The Silver State National Peace Officers Museum was located in historic Virginia City, Nevada. The museum was founded in 2007 and opened doors to the public on July 18, 2009. The museum featured one of the largest and finest United States law enforcement memorabilia collections known, all collected by one man as a result of his lifelong love of the law enforcement profession and its history. There was no other like it!
BUILDING A MUSEUM
By 2007, an assembly of working and retired law enforcement officers, most having served together as honor guard members, came together to move that vision forward. By November of 2008, our non-profit status had been approved and the 1876 Storey County Jail in Virginia City had been chosen as the location to become what was then to be the Silver State Peace Officers Museum. Construction began in April of 2009. Modern interior construction was demolished in order to take the jail back to its original glory of 1876.
Then, construction began to build the area into a professional museum with built in galleries, a museum store, and a memorial room dedicated to all Nevada officers who had been killed in the line of duty. We could not have picked a more difficult time to start this project as the economy quickly dropped and unemployment was at an all time high. Funding was just not flowing to the project so old and new friends came together to keep this promise in a spectacular fashion.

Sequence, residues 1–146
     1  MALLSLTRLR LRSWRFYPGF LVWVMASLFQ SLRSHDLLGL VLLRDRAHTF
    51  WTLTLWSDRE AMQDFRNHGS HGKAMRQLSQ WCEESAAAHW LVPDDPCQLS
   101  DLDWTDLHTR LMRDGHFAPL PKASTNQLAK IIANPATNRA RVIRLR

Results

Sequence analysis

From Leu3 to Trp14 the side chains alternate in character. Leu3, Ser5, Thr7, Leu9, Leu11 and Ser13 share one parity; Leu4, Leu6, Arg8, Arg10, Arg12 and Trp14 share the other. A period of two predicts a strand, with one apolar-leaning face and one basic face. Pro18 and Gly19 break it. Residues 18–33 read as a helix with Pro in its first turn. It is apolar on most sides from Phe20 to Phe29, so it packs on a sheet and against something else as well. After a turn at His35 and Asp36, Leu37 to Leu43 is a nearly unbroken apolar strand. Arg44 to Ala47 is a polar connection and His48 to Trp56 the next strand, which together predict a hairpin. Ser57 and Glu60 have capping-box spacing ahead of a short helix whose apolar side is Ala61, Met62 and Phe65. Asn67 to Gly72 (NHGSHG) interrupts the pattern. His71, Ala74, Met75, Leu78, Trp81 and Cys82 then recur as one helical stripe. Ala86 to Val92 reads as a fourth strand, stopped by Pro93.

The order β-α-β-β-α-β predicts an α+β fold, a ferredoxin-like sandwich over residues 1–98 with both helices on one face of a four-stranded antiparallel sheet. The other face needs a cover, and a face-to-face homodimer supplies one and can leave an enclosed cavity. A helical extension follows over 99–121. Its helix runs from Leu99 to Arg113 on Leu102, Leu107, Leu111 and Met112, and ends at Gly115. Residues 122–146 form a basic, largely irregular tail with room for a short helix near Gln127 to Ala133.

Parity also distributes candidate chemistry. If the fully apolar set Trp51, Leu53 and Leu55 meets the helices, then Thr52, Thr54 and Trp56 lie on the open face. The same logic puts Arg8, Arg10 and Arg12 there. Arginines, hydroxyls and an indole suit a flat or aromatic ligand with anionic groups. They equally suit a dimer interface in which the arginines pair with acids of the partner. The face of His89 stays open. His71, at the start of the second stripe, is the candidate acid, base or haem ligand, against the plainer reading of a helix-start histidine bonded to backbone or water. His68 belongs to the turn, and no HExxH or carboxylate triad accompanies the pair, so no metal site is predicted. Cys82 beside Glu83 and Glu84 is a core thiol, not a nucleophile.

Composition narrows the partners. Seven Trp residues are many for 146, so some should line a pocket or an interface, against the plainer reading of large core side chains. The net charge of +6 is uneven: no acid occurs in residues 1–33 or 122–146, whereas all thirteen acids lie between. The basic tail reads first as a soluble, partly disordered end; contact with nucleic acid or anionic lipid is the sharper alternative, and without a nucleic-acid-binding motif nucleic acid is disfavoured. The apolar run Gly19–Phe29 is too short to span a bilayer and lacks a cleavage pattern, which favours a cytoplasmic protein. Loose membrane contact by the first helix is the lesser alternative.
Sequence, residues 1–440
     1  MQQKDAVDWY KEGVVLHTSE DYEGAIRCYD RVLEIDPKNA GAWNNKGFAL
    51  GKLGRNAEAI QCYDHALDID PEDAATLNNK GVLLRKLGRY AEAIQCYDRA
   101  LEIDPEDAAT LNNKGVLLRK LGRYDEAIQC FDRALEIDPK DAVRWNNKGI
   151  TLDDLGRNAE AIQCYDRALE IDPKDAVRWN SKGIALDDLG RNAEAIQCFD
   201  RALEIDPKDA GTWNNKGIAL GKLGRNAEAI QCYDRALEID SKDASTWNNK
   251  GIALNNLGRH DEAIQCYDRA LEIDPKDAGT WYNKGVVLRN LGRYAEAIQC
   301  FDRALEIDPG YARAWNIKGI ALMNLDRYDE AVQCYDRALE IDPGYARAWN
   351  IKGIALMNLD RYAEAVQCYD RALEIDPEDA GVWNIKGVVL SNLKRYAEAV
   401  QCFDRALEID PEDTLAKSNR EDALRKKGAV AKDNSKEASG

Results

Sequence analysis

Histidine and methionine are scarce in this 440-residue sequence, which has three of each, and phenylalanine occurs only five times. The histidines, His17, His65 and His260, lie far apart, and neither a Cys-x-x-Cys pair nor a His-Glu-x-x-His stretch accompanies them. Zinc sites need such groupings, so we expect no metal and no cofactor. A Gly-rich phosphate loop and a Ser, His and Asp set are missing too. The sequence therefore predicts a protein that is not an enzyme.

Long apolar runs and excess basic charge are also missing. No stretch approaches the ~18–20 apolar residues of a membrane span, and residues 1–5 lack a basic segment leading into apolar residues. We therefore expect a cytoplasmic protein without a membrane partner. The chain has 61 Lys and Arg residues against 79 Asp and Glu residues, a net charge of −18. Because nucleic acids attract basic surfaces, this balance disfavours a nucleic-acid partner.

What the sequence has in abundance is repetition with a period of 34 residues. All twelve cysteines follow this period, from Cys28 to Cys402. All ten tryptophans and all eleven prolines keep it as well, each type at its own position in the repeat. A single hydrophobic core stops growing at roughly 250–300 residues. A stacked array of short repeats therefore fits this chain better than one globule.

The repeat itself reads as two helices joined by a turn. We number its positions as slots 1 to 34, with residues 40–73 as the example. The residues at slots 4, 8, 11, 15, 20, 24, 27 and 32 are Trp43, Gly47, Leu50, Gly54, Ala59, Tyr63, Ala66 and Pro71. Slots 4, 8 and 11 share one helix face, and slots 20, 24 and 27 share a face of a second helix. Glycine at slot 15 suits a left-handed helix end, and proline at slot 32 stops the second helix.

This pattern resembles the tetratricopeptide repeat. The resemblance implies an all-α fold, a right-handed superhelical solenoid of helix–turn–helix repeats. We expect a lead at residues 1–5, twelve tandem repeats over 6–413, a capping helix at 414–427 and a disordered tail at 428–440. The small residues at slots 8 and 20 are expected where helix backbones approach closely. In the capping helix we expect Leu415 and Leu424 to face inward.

The museum payed tribute to the profession for seven years before closing doors for good.
A GRAND OPENING OF ALL GRAND OPENINGS
July 18, 2009, exactly four years to the day after Walt passed away, was the day selected for the grand opening celebration, and what a celebration it was. A police parade, certainly the first in Virginia City and likely the first anywhere in the west for many years, brought law enforcement agencies from all across Nevada and California. Bagpipes, color guards, mounted officers, and motors along with vintage emergency vehicles pulled together to make this a memorable day on the Comstock. The old jail and courthouse was filled with the sounds of bagpipes as ceremonial dedications and introductions took place.
FROM A GRAND OPENING TO AN ANNUAL CELEBRATION
This event became an annual gathering to pay honor to those lost while on duty and to celebrate those continuing to dedicate their lives to community across the nation.